Every frustrated shopper is costing your business money. Forbes cautions that as many as 80% of customers will leave your site due to a bad search experience. Not good. So how do you keep your bad data from spiralling into shopper attrition and lost revenue? By enriching your data, cleaning it up, injecting it with words that speak to your market, tracking how it affects shopping patterns and making adjustments to optimize the customer experience (CX).
What is data enrichment?
Data enrichment, aka data augmentation, is the process of normalizing, standardizing and classifying product information to make it clearer, more detailed and more relevant. Shoppers rely on your data’s ability to call up the right products during a search. To make this happen, products need to be put into categories. Then attributes need to be applied to describe each product and further defined by values. Together, categories, attributes and values enable accurate filters and searches. For example, say you sell vintage concert T-shirts. A category could be ‘’90s Grunge Bands’, an attribute could be ‘Nirvana’ and the values associated with it could be shirt size and color.
Why accuracy and completeness rule
There are two key things you should focus on when it comes to augmenting your data: accuracy and completeness. Think of accuracy and completeness as making up a matrix with the values and attributes you assign to an item. You need to assess how accurate your values and attributes are and how complete they are – and then fix them and fill in the gaps. For example, if Nirvana is spelled ‘Nervana’ in your database, you’ve got an accuracy problem. If your Nirvana shirts don’t even appear as an option, then you have a completeness problem, and you’d better fix it or you’ll never move that stock.
While assessing accuracy and completeness, you also need to consider the language you’re using and its relevancy to your market. For example, for some demographics certain color names resonate better than others, such as using ‘Natural’ rather than ‘Beige’. Your data needs to speak the specific language of your shoppers to be effective. With so many moving parts it’s important to check-in and track how your data is working for your customers. There are important business and behavioral key performance indicators (KPIs) that can reveal a lot about your data quality and the resulting customer experience.
10 KPIs to measure and improve customer experience
1. Add-to-Cart Rate: The percentage of visitors that place one or more items in their cart during a session. This can help you gauge the success of your search, site usability, product selection and merchandising.
2. Page Views: The number of pages a user visits on your site, including reloads. This number can show you if people are clicking through, looking around and are engaged enough to stay.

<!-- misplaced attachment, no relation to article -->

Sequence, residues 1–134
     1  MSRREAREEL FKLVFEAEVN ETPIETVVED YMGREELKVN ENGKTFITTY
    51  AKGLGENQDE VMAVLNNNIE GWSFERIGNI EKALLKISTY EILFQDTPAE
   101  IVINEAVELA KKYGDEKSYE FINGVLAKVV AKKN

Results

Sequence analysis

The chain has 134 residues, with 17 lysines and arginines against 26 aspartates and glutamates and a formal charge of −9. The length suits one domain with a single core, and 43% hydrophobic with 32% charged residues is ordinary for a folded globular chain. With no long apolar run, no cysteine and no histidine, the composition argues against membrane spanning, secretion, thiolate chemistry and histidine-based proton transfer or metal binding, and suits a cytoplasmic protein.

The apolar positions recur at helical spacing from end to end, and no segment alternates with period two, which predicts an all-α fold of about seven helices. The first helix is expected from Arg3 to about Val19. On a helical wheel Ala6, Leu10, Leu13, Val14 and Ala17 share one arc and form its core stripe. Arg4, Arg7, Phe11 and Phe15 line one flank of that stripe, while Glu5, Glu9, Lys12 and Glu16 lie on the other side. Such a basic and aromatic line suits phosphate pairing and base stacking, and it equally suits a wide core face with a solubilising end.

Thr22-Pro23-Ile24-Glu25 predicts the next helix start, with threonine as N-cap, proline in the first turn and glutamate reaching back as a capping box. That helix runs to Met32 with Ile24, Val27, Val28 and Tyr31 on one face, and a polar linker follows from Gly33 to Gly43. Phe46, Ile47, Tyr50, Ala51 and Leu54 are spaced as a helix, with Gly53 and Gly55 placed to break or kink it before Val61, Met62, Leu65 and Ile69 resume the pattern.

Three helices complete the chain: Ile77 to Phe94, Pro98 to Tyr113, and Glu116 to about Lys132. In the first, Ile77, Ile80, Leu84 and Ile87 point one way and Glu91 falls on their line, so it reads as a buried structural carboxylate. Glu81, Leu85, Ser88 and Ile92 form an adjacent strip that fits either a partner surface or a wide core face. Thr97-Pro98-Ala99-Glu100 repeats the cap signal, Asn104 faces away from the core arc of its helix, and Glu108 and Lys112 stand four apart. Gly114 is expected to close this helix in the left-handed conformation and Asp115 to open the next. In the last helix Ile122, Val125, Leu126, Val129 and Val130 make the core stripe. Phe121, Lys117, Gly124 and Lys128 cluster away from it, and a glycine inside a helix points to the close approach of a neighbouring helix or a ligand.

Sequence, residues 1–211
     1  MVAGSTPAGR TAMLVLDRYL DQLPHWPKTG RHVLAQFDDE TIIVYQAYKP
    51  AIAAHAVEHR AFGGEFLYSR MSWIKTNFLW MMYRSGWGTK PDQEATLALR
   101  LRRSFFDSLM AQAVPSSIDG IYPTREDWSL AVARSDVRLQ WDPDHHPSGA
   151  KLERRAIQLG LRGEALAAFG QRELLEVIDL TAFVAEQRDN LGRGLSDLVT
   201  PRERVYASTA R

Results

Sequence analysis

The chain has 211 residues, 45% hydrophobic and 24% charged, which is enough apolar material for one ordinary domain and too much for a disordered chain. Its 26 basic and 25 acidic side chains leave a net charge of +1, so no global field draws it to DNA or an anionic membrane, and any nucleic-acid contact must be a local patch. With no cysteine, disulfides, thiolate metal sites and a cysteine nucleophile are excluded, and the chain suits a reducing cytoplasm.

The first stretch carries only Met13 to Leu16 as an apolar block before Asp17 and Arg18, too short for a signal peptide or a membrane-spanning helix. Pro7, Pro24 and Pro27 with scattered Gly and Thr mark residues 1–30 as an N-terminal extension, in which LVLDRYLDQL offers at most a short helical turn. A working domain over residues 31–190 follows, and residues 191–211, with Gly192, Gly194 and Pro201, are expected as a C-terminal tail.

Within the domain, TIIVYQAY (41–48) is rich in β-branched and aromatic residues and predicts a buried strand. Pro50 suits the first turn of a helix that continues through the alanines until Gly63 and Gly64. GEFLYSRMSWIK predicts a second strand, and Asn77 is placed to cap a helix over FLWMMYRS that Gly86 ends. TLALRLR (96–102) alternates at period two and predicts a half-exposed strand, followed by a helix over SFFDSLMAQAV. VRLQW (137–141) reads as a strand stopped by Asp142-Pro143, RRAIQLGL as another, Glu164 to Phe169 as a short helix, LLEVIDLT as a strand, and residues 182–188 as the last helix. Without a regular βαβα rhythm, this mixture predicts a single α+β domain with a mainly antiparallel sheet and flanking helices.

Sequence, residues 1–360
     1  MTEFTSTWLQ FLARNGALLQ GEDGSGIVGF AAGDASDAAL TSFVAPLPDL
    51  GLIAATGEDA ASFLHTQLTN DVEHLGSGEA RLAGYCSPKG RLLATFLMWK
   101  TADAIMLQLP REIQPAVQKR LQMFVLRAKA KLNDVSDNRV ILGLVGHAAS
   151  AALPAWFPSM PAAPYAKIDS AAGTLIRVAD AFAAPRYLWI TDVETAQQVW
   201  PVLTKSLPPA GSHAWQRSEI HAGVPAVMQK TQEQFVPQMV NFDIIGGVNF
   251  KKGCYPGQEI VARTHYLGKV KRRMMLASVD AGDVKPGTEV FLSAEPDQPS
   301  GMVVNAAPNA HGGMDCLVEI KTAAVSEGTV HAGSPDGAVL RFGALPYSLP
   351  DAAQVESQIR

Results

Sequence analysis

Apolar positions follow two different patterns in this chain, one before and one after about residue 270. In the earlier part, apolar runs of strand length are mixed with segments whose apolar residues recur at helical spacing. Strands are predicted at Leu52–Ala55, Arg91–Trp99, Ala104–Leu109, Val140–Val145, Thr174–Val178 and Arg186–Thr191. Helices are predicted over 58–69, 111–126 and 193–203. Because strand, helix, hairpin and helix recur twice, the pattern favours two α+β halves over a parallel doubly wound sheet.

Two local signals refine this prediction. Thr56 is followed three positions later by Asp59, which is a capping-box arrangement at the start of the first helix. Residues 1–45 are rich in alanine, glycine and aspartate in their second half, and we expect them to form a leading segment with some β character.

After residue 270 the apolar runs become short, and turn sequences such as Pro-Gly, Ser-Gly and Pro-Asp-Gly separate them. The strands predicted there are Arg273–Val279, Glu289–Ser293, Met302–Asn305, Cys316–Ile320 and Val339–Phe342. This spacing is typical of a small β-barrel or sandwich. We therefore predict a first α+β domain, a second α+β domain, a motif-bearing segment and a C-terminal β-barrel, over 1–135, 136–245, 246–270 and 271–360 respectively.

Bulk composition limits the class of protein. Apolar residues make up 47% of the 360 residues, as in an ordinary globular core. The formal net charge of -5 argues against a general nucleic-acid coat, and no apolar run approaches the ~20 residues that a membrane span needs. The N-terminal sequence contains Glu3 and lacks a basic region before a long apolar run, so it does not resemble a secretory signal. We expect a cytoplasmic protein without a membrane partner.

3. Conversion Rate: The percentage of visitors that take a desired action, such as hitting ‘buy’. Take the average conversion rate in your industry/market as the benchmark to beat.
4. Bounce Rate: The percentage of visitors that go to your site and leave before viewing any further pages. This is a red flag that something is turning shoppers off right out of the gate.
5. Average Order Value (AOV): The average dollar amount spent per individual order. This gives you an understanding of customer purchasing habits.
6. Revenue Per Visitor (RPV): The revenue generated each time a customer visits your site. This is useful in estimating the value of gaining unique new visitors.
7. Null Results: The percentage of searches that return zero results. This KPI can show you how data quality affects CX. If a shopper can’t find a product, they will abandon the search and likely leave frustrated.
8. Average Searches Per Order: The number of searches carried out per order. This can show you that customers are engaged, finding what they like, searching your recommendations and hopefully adding them to their cart.
9. Cart Abandonment Rate: The percentage of shoppers that exit before purchasing. This could indicate that they’re not ready/able to pay, they’re running out of patience with their search results or even that the steps to check-out are too cumbersome.
10. Search Bounce Rate: The number of customers that leave the site because they’re frustrated with their search results. I don’t think I need to explain why this one is a good KPI for assessing data quality.
Data enrichment has the power to improve all of the KPIs above. It shouldn’t be overlooked, like some ‘90s T-shirt stuck at the back of a drawer. Enriching site data should be a business priority.
How to radically improve your data?
A good data enrichment strategy ensures your product data is accurate, complete and relevant to your demographic. It learns and adapts to your customer needs so the right products will appear in the right place at the right time to drive conversions. And you don’t have to handle all of this yourself. We can build a strategy tailor-made for your business. We’ve helped some of the world’s top companies improve search and CX, increase order values, drive conversions and boost their bottom line.